4. When Cecilie Disgraced Her People: We didn't know about the hike on Monkey Island (neither of us read the details about the Halong Bay Cruise). We had a choice between a hike and a biking trip, but Cecilie is Norwegian and Norwegians hike, even if they are wearing black flats with bows, they HIKE! She made it to the top before the rest of us in her black-bowed flats, like a proper Norwegian should, but she kept saying "I'm such a disgrace to my people!"
5. The Hottest City Ever: If I had three wishes, I would use one of them to wish that the whole world could have mild temperatures like Seattle - not as much rain, of course - but just nice, easy temperatures, I would be a very happy traveling person. Yesterday in Hanoi it reached 43 degrees Celsius, which is 109 Fahrenheit. The humidity was about 60 percent. We walked outside and dripped (and I swore). I asked my parents this morning if people would find it strange to see someone just lying in their green grass for days on end, through rainy and cloudy weather. My mom said it would be OK for me to do that.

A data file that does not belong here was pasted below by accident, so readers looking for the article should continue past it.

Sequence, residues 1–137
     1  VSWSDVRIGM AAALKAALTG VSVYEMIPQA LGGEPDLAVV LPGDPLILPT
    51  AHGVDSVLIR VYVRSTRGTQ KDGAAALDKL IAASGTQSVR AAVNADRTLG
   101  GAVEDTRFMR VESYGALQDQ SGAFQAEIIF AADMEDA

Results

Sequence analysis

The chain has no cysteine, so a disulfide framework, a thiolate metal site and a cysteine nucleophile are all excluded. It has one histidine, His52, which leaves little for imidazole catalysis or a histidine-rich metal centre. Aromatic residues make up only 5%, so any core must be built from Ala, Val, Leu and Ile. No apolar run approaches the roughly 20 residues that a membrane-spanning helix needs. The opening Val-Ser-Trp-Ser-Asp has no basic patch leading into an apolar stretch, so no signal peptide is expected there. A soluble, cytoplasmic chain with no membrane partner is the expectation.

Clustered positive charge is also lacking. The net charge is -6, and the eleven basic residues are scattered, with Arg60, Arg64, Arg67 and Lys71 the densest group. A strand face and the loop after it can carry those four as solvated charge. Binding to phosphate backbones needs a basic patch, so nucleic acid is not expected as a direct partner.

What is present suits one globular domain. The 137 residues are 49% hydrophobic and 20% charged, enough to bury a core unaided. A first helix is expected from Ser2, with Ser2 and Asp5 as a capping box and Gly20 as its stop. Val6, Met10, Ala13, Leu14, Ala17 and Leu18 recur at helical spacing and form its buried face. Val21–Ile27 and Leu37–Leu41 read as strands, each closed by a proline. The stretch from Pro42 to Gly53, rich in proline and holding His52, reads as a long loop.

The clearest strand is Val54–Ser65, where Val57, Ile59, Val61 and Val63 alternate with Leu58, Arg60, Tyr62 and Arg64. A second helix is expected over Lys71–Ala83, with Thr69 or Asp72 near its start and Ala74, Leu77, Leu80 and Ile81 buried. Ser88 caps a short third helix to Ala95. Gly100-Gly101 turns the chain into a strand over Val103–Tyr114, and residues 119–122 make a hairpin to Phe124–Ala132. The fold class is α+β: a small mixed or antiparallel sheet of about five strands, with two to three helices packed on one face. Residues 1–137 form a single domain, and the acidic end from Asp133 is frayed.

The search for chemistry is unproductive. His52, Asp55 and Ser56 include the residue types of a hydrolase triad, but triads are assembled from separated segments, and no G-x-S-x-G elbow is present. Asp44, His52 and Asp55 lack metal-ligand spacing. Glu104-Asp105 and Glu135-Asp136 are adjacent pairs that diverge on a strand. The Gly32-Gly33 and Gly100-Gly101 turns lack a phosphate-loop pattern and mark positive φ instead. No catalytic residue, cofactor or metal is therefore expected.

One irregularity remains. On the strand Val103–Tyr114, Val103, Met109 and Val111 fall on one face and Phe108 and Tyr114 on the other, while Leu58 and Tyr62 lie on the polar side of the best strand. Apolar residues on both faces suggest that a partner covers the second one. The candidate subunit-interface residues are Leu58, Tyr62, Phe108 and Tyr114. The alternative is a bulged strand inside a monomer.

We saw Water Puppets, we walked around town, we stood in a very hot line for over an hour to see Ho Chi Minh's preserved body (surrounded by guards holding bayonets) in the mausoleum...we tried to have a good time. Cecilie is a better sport than I am. I was too hot and therefore was wishing her another traveling partner (I wouldn't want to be with me when I am that hot).
6. The Frogs: I thought I had seen it all in my market. But on her first walk-around with me, Cecilie pointed to a bucket. In the bucket was something so horrible, so unrecognizable, something so Satanic...they were frogs, but they were headless AND skinless AND they were STILL hopping around. Like chickens do (when their heads are cut off) supposedly.
Now. Get that image out of your mind and read the rest.
We returned yesterday and I put Cecilie in a taxi to the airport a few hours ago.
Then I had to face saying goodbye to my neighborhood.
1. I ate Pho at my favorite stand, right around the corner from the castle. What DO they put in their broth??